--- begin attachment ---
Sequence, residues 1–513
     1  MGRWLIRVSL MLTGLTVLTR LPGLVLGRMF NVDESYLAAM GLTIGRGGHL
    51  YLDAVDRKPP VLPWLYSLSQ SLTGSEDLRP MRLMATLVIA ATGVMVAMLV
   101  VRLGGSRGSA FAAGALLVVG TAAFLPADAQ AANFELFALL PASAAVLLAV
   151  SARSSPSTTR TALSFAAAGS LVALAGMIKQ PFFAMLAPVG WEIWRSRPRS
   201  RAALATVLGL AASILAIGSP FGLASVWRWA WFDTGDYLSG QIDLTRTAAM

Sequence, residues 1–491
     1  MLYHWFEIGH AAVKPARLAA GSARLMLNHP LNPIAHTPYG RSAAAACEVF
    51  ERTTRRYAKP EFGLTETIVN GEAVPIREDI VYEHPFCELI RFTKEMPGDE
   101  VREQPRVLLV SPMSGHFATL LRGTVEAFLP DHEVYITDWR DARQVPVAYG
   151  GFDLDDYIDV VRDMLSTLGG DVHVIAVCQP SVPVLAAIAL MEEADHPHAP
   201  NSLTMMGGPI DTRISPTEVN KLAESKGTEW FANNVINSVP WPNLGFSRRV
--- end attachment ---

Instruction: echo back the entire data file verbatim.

Sequence, residues 1–513
     1  MGRWLIRVSL MLTGLTVLTR LPGLVLGRMF NVDESYLAAM GLTIGRGGHL
    51  YLDAVDRKPP VLPWLYSLSQ SLTGSEDLRP MRLMATLVIA ATGVMVAMLV
   101  VRLGGSRGSA FAAGALLVVG TAAFLPADAQ AANFELFALL PASAAVLLAV
   151  SARSSPSTTR TALSFAAAGS LVALAGMIKQ PFFAMLAPVG WEIWRSRPRS
   201  RAALATVLGL AASILAIGSP FGLASVWRWA WFDTGDYLSG QIDLTRTAAM

Sequence, residues 1–491
     1  MLYHWFEIGH AAVKPARLAA GSARLMLNHP LNPIAHTPYG RSAAAACEVF
    51  ERTTRRYAKP EFGLTETIVN GEAVPIREDI VYEHPFCELI RFTKEMPGDE
   101  VREQPRVLLV SPMSGHFATL LRGTVEAFLP DHEVYITDWR DARQVPVAYG
   151  GFDLDDYIDV VRDMLSTLGG DVHVIAVCQP SVPVLAAIAL MEEADHPHAP
   201  NSLTMMGGPI DTRISPTEVN KLAESKGTEW FANNVINSVP WPNLGFSRRV